Antoine’s Oyster Stew is an Unapologetic Classic

Antoine's Oyster Stew

Antoine’s Oyster Stew is a classic. I’ve made no deviations and I’m not going to apologize for lifting this recipe practically word for word from Saveur Magazine. I also refuse to apologize for my choice of a thick and creamy stew served in unseasonably hot weather. I realize that Midsummer’s Eve is barely behind us and many folks are sweltering. Still I’m serving stew. So sit down and slurp!

To stir the pot even more I’m going to ask all the oyster haters to just move along. There’s no room for your brand of insanity today (insert smiley face here). Antoine’s Oyster Stew is a classic. Classics know no season. Besides I love eating oysters at any occasion and at any time of year – no matter the weather. Stewed, baked, grilled, or raw.

However, it’s July and there’s no getting around the fact that in the summer my oyster obsession is often met with some form of the following question: “Aren’t you only supposed to eat oysters in months that have an R in their name?”

At face value, this appears to be an innocent question. Perhaps this question is even being asked in consideration of my health. Ahh. Isn’t that sweet?

Well, not always. I’ve learned from experience that this question is often less about concerns for my constitution and more about the perception that eating oysters is somehow odious. The passive-aggressive nature of this viewpoint can be difficult to combat. Sometimes the question comes from true blue oyster haters. In which case you can assure them oysters are just fine anytime of the year until you’re blue in the face (no not blue from eating oysters in R months). Sadly there’s no room for discussion, these steely opinions have been hardened beyond reason.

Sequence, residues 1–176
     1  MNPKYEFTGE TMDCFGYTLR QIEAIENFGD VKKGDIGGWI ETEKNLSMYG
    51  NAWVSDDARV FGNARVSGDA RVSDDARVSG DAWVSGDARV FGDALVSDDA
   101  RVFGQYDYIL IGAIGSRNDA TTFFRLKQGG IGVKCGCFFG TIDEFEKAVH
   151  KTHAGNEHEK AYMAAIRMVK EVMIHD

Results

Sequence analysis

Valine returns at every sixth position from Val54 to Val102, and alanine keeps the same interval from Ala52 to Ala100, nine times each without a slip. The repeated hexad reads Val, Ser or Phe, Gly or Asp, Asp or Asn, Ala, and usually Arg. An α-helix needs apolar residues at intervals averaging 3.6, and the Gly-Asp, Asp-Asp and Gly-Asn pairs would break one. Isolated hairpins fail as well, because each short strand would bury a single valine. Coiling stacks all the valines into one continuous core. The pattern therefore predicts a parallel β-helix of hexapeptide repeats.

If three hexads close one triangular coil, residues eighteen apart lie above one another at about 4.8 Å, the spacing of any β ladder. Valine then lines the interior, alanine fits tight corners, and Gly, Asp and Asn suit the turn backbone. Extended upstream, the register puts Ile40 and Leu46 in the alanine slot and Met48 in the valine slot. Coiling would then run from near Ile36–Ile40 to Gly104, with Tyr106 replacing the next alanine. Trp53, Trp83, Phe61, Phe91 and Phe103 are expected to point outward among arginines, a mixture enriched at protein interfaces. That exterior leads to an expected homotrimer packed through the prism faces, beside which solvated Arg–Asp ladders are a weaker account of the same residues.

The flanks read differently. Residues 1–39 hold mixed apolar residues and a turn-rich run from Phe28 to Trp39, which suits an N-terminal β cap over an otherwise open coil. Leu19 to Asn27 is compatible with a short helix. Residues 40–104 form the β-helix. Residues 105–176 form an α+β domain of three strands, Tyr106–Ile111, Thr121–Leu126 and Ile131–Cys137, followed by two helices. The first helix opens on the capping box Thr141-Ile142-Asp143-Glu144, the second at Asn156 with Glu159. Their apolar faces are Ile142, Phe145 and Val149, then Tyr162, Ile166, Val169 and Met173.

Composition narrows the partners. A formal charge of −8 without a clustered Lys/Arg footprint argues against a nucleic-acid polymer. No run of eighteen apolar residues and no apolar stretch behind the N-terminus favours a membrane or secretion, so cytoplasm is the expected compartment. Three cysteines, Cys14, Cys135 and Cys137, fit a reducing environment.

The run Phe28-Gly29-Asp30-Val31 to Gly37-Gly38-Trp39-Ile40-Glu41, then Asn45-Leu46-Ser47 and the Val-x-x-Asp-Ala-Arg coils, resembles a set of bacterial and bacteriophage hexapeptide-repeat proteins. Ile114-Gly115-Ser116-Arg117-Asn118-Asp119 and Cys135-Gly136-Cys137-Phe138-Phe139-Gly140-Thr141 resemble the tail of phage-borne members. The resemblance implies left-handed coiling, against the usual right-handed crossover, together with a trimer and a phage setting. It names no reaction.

Fortunately most folks are more fair-minded and really do believe that there’s some reason to avoid oysters in warm weather months. I suppose way back when (before Whole Foods and refrigerators) oysters and warm weather could (maybe) have been problematic. But those days are long gone.

So, I’ll say it here. NO it’s not wrong to eat oysters in months without an R in their name. And YES that includes Antoine’s Oyster Stew (insert smiley face here). GREG

oysters on iceAntoine's Oyster Stew

Antoine's Oyster Stew

Antoine’s Oyster Stew 

Print This Recipe Total time Yield 6Source Adapted from from AntoinePublished

Antoine’s is a 176-year-old restaurant in the French Quarter of New Orleans.

Antoine's Oyster Stew


  • 50 medium oysters (shucked (about 1 1⁄2 lbs.), with 1 cup of the liquor reserved)
  • 1 cup water
  • 12 tablespoon unsalted butter
  • 5 tablespoon all-purpose flour
  • 4 stalks celery (finely chopped)
  • 4 clove garlic (peeled and minced)
  • 1 onion (peeled and finely chopped)
  • ½ cup finely chopped parsley
  • 1 tablespoon kosher salt
  • 1 ½ teaspoon freshly cracked black pepper
  • ¼ teaspoon cayenne pepper
  • 2 cup whole milk
  • 2 cup heavy cream


Combine oyster liquor and water in a medium saucepan set over over medium heat. Allow the liquid to come to a simmer then add the oysters and cook until their edges begin to curl, about 2 minutes. Strain oysters through a fine mesh sieve set over a medium bowl. Reserve oysters and cooking liquid separately. 

Melt butter in a 4‑qt. saucepan set over medium-high heat. Once the butter begins to foam, add flour and cook, whisking constantly, until golden brown, 3–4 minutes. Reduce heat to medium-low; add celery, garlic, onions, parsley, salt, pepper, and cayenne. Cook, stirring frequently, until onions and celery are very soft, about 20 minutes.

Stir in milk, cream, and reserved oysters with their cooking liquid and cook, stirring occasionally, until just hot, about 5 minutes. Serve immediately.